|Publication number||US4302720 A|
|Application number||US 06/031,997|
|Publication date||Nov 24, 1981|
|Filing date||Apr 20, 1979|
|Priority date||Apr 20, 1979|
|Also published as||CA1128105A, CA1128105A1, DE2938212A1|
|Publication number||031997, 06031997, US 4302720 A, US 4302720A, US-A-4302720, US4302720 A, US4302720A|
|Inventors||Henry L. Brill|
|Original Assignee||Bulova Watch Company|
|Export Citation||BiBTeX, EndNote, RefMan|
|Patent Citations (5), Referenced by (32), Classifications (7)|
|External Links: USPTO, USPTO Assignment, Espacenet|
This invention relates generally to galvanometer-type motors, and more particularly to a motor for driving an optical element to deflect at a high frequency or to otherwise modulate a beam of radiant energy impinging thereon.
Various forms of optical devices are in use which are adapted to scan, sweep, chop or to otherwise deflect or modulate a beam of radiant energy. Such optical devices are incorporated in mass spectrometers, bolometers, horizion sensors and in other instruments which utilize or analyze nuclear, X-ray or laser beams, or other beams of radiant energy in the visible, ultraviolet or infrared region of the spectrum. In recent years, the need has arisen for optical scanners adapted to sweep light beam across binary coded bars such as United Product Code symbols or similar indicia to carry out various computerized functions.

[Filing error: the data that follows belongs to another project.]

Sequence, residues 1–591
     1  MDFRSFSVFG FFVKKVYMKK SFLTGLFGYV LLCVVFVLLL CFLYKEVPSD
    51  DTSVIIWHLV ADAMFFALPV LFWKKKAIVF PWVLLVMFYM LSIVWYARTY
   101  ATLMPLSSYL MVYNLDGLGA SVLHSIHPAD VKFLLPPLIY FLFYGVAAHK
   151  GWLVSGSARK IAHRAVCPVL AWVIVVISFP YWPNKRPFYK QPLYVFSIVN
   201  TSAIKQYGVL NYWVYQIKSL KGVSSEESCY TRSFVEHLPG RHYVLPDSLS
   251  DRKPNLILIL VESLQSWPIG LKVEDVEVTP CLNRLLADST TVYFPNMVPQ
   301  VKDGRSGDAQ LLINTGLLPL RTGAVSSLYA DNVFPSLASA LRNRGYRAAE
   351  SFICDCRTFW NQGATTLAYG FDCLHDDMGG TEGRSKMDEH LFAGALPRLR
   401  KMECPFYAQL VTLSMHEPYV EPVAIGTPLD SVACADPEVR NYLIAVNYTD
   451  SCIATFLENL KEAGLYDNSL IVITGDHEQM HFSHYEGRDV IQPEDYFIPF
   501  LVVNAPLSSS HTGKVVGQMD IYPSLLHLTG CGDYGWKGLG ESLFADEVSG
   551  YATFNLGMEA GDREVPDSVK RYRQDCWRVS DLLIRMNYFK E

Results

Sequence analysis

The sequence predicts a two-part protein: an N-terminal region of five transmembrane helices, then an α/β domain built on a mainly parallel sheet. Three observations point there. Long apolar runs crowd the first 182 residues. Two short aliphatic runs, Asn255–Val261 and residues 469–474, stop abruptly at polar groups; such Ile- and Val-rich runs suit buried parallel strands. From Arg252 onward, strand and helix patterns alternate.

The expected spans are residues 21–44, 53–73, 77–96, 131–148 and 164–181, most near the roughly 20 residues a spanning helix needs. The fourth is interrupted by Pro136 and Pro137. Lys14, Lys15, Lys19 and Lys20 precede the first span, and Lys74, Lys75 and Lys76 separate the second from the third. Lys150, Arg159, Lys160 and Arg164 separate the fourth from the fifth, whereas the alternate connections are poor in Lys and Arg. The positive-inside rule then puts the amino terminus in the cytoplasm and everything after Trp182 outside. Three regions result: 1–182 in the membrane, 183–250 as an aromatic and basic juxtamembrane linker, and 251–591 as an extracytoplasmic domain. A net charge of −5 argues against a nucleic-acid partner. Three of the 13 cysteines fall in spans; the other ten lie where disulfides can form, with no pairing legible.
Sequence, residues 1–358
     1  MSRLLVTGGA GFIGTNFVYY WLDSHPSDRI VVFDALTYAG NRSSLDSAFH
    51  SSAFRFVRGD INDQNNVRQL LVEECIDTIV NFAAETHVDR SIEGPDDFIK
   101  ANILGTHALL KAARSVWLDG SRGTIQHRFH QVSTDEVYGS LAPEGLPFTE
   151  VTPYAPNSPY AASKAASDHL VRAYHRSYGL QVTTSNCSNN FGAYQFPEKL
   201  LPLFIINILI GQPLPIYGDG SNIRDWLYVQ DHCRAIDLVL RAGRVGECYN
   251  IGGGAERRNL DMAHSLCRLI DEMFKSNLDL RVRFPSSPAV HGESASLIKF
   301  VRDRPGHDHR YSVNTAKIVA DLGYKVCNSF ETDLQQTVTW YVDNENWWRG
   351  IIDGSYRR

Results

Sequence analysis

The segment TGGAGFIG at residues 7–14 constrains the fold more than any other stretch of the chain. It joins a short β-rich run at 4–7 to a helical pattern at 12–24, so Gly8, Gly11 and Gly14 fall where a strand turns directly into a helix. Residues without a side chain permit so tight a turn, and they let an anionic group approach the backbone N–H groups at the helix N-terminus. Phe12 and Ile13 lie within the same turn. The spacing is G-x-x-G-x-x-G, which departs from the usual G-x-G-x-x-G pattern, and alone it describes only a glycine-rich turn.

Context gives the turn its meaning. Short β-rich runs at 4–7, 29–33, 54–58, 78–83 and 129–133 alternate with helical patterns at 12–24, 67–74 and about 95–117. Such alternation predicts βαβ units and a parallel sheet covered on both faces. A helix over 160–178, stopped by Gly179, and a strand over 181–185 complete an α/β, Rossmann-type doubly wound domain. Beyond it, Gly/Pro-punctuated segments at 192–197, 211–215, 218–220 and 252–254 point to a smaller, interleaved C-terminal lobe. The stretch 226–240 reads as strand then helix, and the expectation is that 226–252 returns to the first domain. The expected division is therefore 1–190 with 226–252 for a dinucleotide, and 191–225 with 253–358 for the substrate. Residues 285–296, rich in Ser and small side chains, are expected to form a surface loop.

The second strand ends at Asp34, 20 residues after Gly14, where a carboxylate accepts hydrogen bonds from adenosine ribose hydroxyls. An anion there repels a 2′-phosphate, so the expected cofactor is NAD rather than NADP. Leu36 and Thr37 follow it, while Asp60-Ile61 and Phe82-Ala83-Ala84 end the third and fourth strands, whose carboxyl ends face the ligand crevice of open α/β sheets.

One known means for this purpose makes use of a galvanometer to deflect the optical element, the galvanometer being of the moving iron type in which a soft iron rotor or armature is biased by one or more stationary permanent magnets. The rotor is made to oscillate by supplying alternating current to at least one field coil included in the stator structure.
It is also known to make use of DC torque motors that include permanent magnet rotors and a sophisticated coil wiring arrangement to generate the required torque. The drawback of this type of motor is that the rotor possesses a relatively high mass and affords an unfavorable mass-to-torque ratio, making it virtually impossible to operate the motor at the high frequencies required in many optical scanning applications. Moreover, the complex coil arrangement dictated by these torque motors to generate the necessary torque introduces manufacturing difficulties and makes such motors expensive to produce.
In order to reduce the mass of the rotor in an optical scanner of the galvenometer type, U.S. Pat. No. 3,799,644 to Street and U.S. Pat. No. 3,549,800 to Baker both disclose galvanometer type motors in which a beam deflection mirror is mounted on a rotor which takes the form of a coreless coil rotatable within a permanent magnet stator. Not only are such motors magnetically inefficient, but the excitation current therefor must be delivered to the moving rotor coil, and to this end conductive torsion spring fibers are necessary. Such fibers are relatively delicate and adversely affect the operating life of the galvanometer.